"You kept me alive!"
I wasn't skeptical when I was invited to a private screening of Oliver Stone's upcoming "World Trade Center" movie. I was downright cynical. As a conservative I've long considered so much of his work the bane of my existence. From "Platoon" to "Salvador" to "Born on the Fourth of July" to "JFK," and let's not forget last year's ghastly "Alexander," Stone has delivered one left-wing screed after another, specifically intended, I'm convinced, to bring my blood to the boiling point. When I learned a few months ago that he was working on a project about 9/11, I fully expected another tiresome, loathsome Bush-lied-thousands-died production designed to titillate the Michael Moore left-wing fringe. It is why, when the movie was ready for screening and my friend told me I was going to like it, I thought he was mad. But as a personal favor, I went. And by the time I digested that triumphant line, "You kept me alive!" I was ready to put everything I'd previously felt aside.
Let me be unequivocal. Stone has delivered a masterpiece.
You kept me alive. I wanted to preview this movie free from any outside influences, so I made it a point not to read anything about it in advance. I didn't know what viewers surely will know, namely that this film deals with the successful rescue of two trapped policemen in the rubble of the collapsed World Trade Center buildings. The emotional roller coaster was that much more pronounced for me, since I didn't know how the ordeal would end, but it makes no difference, really. When Officer John McLoughlin (Nicolas Cage) emerges from the rubble, is rushed to the hospital and, in the pandemonium, briefly is reunited with his wife, Donna (Maria Bello), greeting her with those words, you will weep, too.
It would be enough simply to plumb the story of the extraordinary rescue of these poor men, buried up to their necks for almost a day in broken concrete, twisted metal, dust and crushed glass -- the shattered, smoldering remains of what once were two proud skyscrapers, and now had become a shocking testimony to the reality that a worldwide terrorist enterprise successfully had attacked America. Add some awesome special effects -- ever wondered what it must sound, look and even feel like having a 110-story building come crashing down on you? -- and you'd have a box-office hit.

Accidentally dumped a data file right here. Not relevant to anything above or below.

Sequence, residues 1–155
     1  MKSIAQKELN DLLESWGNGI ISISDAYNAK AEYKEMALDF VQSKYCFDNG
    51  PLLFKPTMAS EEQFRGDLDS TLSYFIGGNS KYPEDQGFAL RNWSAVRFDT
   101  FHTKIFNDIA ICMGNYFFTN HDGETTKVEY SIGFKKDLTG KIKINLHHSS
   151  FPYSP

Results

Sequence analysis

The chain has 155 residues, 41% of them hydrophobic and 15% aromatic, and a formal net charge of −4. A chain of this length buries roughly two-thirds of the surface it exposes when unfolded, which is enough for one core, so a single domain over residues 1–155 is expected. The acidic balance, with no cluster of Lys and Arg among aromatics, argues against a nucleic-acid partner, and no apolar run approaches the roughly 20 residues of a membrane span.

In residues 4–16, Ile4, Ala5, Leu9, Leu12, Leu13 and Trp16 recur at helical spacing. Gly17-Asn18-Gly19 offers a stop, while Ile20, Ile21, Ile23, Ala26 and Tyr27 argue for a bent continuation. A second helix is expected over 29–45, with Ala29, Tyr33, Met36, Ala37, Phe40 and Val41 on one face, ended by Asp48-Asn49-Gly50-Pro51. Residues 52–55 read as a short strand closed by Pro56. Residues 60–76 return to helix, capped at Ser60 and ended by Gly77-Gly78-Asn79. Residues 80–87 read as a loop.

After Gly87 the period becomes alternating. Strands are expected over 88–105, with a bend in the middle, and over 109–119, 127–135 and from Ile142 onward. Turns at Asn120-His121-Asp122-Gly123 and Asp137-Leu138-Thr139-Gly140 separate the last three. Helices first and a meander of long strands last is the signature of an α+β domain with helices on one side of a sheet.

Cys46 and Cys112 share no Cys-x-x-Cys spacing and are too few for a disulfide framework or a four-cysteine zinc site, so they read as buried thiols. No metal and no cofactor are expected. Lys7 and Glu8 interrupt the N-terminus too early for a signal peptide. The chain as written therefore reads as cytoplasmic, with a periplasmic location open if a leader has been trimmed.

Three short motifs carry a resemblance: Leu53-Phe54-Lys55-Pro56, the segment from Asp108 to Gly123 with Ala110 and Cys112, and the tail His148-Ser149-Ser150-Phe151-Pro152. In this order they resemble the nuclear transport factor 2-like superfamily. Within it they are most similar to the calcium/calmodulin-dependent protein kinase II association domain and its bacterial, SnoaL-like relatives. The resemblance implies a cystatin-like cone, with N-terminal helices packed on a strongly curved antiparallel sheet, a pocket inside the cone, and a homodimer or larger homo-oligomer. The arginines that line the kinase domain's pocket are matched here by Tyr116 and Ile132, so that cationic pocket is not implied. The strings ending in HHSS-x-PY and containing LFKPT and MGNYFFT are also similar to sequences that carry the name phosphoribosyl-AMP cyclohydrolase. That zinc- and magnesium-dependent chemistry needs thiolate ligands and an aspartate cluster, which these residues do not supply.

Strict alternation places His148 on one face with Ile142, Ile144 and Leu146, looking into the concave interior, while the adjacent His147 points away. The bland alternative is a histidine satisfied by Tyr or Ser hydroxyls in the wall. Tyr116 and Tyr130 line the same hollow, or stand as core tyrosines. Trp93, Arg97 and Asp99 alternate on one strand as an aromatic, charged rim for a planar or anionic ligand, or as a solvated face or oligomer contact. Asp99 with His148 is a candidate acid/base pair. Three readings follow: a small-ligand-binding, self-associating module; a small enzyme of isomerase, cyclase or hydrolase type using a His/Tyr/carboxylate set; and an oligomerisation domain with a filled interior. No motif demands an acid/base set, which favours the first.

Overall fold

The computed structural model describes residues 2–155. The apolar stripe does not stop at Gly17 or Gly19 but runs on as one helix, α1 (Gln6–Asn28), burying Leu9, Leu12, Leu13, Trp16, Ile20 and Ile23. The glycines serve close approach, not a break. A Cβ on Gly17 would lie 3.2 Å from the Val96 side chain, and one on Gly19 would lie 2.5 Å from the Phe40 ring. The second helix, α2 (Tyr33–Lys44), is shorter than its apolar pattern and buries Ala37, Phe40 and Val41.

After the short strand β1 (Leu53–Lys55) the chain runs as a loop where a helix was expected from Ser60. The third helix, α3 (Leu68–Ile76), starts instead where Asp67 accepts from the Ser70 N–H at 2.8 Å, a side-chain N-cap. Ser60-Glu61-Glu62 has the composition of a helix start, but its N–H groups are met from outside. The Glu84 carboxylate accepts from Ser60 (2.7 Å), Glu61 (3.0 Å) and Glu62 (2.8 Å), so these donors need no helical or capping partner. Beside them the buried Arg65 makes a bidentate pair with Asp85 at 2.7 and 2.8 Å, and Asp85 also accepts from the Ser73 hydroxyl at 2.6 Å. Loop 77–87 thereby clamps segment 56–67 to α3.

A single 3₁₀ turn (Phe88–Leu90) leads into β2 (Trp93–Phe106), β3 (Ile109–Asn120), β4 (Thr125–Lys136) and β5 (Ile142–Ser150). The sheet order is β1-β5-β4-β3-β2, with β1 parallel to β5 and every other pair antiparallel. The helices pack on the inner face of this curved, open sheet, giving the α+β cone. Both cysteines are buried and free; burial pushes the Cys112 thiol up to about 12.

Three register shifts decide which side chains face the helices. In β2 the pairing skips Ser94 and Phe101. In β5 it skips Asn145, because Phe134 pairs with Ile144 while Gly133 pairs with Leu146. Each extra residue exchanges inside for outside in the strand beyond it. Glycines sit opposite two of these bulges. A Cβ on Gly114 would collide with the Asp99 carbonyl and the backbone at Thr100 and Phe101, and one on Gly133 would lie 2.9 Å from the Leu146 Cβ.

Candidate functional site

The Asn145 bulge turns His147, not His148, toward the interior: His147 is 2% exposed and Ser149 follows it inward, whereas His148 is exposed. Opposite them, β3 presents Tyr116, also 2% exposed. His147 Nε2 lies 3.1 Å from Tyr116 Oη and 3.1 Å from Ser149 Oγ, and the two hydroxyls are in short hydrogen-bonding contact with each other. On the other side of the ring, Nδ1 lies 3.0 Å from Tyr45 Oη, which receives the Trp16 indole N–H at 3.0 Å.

But Stone chose to dig deeper. Most of the movie focuses on the two policemen, McLoughlin and Will Jimeno (played by Michael Pena, and here let's also recognize the heart-wrenching performance of Maggie Gyllenhaal as his wife, Allison), pinned under the devastation, with only their dusty faces partially visible, talking to each other, using their voices and their words as the only instruments available in their darkened tomb to keep each other alive, as their crushed bodies slowly seek surrender from the physical agony of countless injuries.
What keeps them alive are the very footers of civilized society that our cynical, enlightened popular culture is seemingly so desperate to discard: fraternal love, devotion to family, allegiance to country and faith in God. Each element is powerfully developed, not just in the officers' dialogue, but also in the cutaways to the battered co-workers and the two anguished families anxiously praying for a miracle, in the quiet resolve of the former Marine who dons his uniform and enters Ground Zero, ultimately to make the discovery, and most poignantly in Jimeno's visions as he teeters on the brink of death. A Catholic, Jimeno sees not an ambiguous Hollywood representation of a higher power, but the sacred heart of Jesus. It is -- this being a true story, it was (END ITAL) -- these values that kept these two heroic policemen tethered to life.
You kept me alive. After 9/11, we pledged as a nation that this atrocity was something we would never forget. We declared that loudly on our bumper stickers, on our license plates, on our billboards and in our corporate advertisements -- a national "post-it" note on our collective conscience, as it were. Yet only five years later the fires of purpose, stoked by a nation's sorrow, rage and commitment to justice, are waning. For a brief moment after that fateful day, there was a sense of national unity unseen since the glory days of the Greatest Generation a half-century before. Now where are we?
"World Trade Center" pleads with us to remember that moment and to keep it alive. It is not appropriate for the very young, of course. It is appropriate, indeed necessary, for everyone else, just as it is appropriate, and necessary, for Stone's critics now to salute him, and thank him for the gift he's given his country.
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